To keep the required motor torque low, but without the control errors reaching extremely high values, and to prevent mechanical resonances in the desired lightweight and hence relatively weak construction, a relatively narrow servo bandwidth near the frequency range of the Ms and φs disturbances is utilized in the embodiment in question. This frequency range, in which F(s)≃K.s, where K is a constant, lies amply within the frequency interval (R/Rm Ke.1/τm, Rm Ke /R.1/τe). If further Rm Kv τm /RK=1/ωo, the relationship between φi ', Ms and φs on the one side and φr on the other may be approximated by ##EQU5##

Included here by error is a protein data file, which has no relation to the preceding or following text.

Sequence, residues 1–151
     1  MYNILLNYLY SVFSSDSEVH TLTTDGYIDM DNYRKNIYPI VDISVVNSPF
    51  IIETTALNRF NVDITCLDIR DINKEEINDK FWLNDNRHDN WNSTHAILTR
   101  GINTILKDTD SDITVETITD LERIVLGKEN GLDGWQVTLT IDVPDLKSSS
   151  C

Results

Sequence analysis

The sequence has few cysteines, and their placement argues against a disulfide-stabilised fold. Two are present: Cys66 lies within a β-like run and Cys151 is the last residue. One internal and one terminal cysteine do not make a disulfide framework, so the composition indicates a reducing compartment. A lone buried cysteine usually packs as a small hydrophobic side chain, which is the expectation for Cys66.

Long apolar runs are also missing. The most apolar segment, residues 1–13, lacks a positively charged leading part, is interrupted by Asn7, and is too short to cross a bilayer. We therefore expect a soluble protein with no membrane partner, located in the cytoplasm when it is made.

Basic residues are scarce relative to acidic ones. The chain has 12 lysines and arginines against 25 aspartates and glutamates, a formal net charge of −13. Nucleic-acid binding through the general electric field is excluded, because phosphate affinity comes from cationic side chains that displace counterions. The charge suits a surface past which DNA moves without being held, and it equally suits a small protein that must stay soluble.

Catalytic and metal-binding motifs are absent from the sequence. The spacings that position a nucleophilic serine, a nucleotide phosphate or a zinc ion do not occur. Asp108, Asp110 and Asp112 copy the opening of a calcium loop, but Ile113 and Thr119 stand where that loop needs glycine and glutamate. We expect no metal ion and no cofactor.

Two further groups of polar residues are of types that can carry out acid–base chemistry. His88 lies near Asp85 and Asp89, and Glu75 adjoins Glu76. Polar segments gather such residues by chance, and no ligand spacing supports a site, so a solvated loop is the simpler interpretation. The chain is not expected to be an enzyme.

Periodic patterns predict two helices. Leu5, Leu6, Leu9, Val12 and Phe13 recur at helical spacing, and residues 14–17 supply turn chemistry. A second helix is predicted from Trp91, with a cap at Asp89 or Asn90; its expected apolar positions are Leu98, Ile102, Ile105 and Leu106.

With the rotation axis in the vertical position, φi '+φs =0, Ms =0 and φs =0, so that φr =0. Plane 4 is therefore stabilized at the desired (horizontal) position about the axis considered. With the rotation axis in an inclined position, the control error within the frequency range in question equals: ##EQU6## In order that plane 4 be stabilized at the desired value about the axis considered, the input signal φi ' of the servomechanism consists of a signal φi, representing the desired value at which the angular difference between rotor and stator of the axis concerned is controlled, and a compensation signal φc for the control errors incurred. This compensation signal is dependent upon the inclined position α of the platform and position B of the rotation axis measured in the plane of the platform: φc =F(α,B)≃Δφr. A computer 7 supplies the input signal φi ' of the servomechanism. This computer comprises a converter 8 and a feedforward circuit 9. In converter 8 the φi signal is obtained from the platform inclined position α, measured with respect to an earth-fixed reference system, and position B of the search axis 1. The feedforward circuit 9 comprise a velocity feedforward depending upon the angular velocity, cvi. A more precise control error compensation is obtained by also incorporating an acceleration feedforward depending upon the angular acceleration, cai. In such a case, the compensation signal may be expresed by the relationship φc =(cv +ca s)sφi, where cv and ca are dependent upon α and B but may be assumed constant if the values of α and the variations of B incurred in practice are slight. A correct determination of cv and ca in computer 7 permits the ω-component in Δφr to be compensated with high accuracy. As already stated, the 3ω-component need not be compensated. Hence, from the relationship between the measured values of α and B on the one hand and the angular correction φi on the other, the computer can calculate the instantaneous value of φc corresponding to can each instantaneous value of α and B. Alternatively, instead of a velocity and acceleration calculation for deriving the feedforward value of φc, the computer can calculate each corrected value of φi from a fixed mathematical relationship or an experimentally determined relationship between α and B on the one hand and φc or Δφr on the other. For this purpose the computer may comprise, say, a memory containing for a series of α and B values the corresponding values for φc.